Meanwhile Vick, a man with no prior criminal record who has not yet been tried or convicted, is the NFL's version of TB on a plane. Falcons owner Arthur Blank was ready to suspend his franchise quarterback before commissioner Roger Goodell intervened and banished Vick from training camp, with no resistance from the NFL Players Association, which is supposed to represent Vick's interests. Now Goodell is preparing to shelve Vick for the entire 2007 season. The fallen star may never play another NFL down.
The biggest reason this is happening so quickly, prematurely and intensely is because of us. We're the angry mob shouting for justice, albeit via Internet chat rooms and sports-talk radio; ultimately, we're the ones empowering Goodell to act, with PETA doing the bulk of the legwork.
The allegations against Vick and the resulting outcry are tarnishing the brand, and Goodell, the owners who employ him and the companies which supply the league's ad revenues are highly aware of the stakes. Meanwhile, in terms of public reproach, other players are getting away with â€¦ well, crimes like involuntary manslaughter.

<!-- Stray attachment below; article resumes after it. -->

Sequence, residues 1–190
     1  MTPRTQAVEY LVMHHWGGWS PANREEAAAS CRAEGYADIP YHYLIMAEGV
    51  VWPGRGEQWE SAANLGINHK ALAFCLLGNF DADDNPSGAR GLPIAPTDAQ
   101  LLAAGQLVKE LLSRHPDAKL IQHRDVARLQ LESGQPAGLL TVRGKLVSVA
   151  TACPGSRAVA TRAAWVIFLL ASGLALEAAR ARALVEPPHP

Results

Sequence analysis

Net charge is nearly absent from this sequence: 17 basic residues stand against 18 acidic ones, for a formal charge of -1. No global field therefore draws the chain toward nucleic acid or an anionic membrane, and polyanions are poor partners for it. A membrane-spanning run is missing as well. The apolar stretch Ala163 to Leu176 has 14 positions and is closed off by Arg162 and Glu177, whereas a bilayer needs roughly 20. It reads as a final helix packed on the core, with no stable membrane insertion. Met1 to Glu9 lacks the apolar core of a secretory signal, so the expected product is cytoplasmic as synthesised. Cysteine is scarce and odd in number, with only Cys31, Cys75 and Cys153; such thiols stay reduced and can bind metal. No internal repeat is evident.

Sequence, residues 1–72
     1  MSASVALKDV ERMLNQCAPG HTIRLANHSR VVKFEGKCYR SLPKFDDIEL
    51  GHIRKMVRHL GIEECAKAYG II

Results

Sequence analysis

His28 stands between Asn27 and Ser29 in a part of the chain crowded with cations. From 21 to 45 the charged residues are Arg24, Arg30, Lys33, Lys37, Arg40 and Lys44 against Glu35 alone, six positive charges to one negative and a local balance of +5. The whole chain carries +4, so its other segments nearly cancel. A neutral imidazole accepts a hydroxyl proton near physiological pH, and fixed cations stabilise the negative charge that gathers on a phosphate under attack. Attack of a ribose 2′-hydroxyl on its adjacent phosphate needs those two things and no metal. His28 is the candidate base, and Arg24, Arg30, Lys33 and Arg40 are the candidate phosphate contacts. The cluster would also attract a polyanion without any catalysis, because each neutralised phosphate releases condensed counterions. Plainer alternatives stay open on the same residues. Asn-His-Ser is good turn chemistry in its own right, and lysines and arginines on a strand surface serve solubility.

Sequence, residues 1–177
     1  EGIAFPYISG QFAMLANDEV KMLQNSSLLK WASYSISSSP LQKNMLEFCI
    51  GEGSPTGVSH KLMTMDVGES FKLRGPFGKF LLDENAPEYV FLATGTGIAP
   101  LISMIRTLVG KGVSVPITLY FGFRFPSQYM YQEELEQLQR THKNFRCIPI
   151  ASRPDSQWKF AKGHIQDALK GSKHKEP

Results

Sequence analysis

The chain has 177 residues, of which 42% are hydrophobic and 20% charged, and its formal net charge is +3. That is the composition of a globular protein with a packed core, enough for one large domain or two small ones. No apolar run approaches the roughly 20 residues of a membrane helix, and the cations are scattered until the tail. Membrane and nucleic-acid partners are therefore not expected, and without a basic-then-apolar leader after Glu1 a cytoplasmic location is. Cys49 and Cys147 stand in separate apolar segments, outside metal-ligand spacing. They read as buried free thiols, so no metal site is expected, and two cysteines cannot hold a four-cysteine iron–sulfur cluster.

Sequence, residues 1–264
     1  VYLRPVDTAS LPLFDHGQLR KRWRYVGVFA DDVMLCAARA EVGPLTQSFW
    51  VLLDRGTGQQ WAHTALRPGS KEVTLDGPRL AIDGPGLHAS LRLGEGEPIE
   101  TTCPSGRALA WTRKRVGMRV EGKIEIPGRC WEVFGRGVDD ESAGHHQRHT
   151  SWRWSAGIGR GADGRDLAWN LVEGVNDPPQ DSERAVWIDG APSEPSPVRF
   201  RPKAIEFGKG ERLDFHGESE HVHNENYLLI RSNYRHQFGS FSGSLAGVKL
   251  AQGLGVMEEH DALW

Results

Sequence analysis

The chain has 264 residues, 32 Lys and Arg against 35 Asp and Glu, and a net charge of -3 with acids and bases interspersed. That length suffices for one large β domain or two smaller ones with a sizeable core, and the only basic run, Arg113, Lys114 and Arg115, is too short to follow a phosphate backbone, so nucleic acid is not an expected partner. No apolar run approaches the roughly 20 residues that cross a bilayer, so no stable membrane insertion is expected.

This is not meant to be flippant or to suggest a value judgment in any way, but it could be argued that right now, an NFL player would be less stressed about going on trial for domestic abuse than he would for dogfighting.
I can't predict whether another NFL player will follow Vick into court, but I can tell you that he's not the only one caught up in the animal-fighting culture. One of the league's best role models, New Orleans Saints running back Deuce McAllister, concedes that the problem is more widespread than some outsiders may believe. "If you look at the big picture, cockfighting just got banned in Louisiana," he said last Thursday. "That helps put all of this in perspective."
When I asked McAllister, a native of tiny Lena, Miss., if he'd ever been invited to a dogfight, he laughed and said, "Come on, I'm from the country."
Now think about this: There is a player on an NFL roster with an image of two dogs fighting tattooed on his lower back. If PETA figures out who he is, this could add new meaning to the term "bad ink."
For what it's worth, the player in question is from the South, but his name is not Michael Vick.
If that disappoints you, take heart: It's not Peyton Manning, either.
Show me a good loser, and I'll show you a loser.
"None are so old as those who have outlived enthusiasm".
Henry David Thoreau
Fail to prepare and you prepare to fail.
"Luck is the residue of design." - Branch Rickey